Safeguarding Cultural Property and the 1954 Hague Convention
All Possible Steps
The role of the Hague Convention in today's world revisited.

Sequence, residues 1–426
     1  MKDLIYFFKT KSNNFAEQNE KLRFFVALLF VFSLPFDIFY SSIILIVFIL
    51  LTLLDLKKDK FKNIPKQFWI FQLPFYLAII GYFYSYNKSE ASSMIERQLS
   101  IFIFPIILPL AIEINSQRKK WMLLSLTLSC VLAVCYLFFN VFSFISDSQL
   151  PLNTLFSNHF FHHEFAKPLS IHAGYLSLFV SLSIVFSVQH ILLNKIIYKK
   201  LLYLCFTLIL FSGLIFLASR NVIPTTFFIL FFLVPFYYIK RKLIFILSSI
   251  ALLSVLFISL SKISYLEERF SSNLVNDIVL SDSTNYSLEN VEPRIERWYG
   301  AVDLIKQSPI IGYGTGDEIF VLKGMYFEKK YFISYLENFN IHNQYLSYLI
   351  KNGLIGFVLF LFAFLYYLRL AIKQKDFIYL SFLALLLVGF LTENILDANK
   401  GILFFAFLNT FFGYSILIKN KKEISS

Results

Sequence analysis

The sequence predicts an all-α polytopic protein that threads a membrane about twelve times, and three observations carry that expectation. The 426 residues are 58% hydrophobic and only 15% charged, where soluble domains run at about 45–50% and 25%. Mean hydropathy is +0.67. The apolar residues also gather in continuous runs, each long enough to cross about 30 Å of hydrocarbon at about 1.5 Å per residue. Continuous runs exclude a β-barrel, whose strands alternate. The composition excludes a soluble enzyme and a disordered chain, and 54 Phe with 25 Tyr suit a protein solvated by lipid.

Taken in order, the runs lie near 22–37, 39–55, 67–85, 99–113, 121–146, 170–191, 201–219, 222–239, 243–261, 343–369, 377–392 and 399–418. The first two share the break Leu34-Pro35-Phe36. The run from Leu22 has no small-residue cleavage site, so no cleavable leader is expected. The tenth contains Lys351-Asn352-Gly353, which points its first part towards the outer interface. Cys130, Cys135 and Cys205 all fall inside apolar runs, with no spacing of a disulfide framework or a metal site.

Significant attention today focusses on heritage destruction, but the key international laws prohibiting it - the 1954 Hague Convention for the Protection of Cultural Property in the Event of Armed Conflict and its First and Second Protocols (1954/1999) - lay out two core strands to limit the damage: the measures of respect for armed forces, and the safeguarding measures states parties should put in place in peacetime. This volume incorporates wide-ranging international perspectives from those in the academy, together with practitioner insights from the armed forces and heritage professionals, to explore the safeguarding regime. Its contributors consider such questions as whether state parties have truly taken "all possible steps", as the Convention tasks them; what we can learn from past practice, and how the Convention is implemented today; the implications of new trends in heritage law and management - such as the rise of the World Heritage Convention, and in the increasing focus on safe havens rather than refuges; whether new methods of heritage management such as Risk Assessment theory can be applied; and, in a Convention specifically focussed on state parties, what of their opponents, armed non-state actors. Topics range from leadership and the role of the State Party Representative, to the responsibilities of armed non-state groups in safeguarding, to explorations of past and current practice in different countries. Using a mix of case studies and theoretical explorations of new and existing methodologies, the contributions cover a broad timespan from World War II to today, with examples from Europe, the Middle East, and Africa. Overall, the volume's purpose is to promote wider understanding of the practical effectiveness of the Convention in the contemporary world, by investigating the perceived opportunities and constraints the Convention offers today to protect cultural property in armed conflict, and firmly establishing that such protection must begin in peace.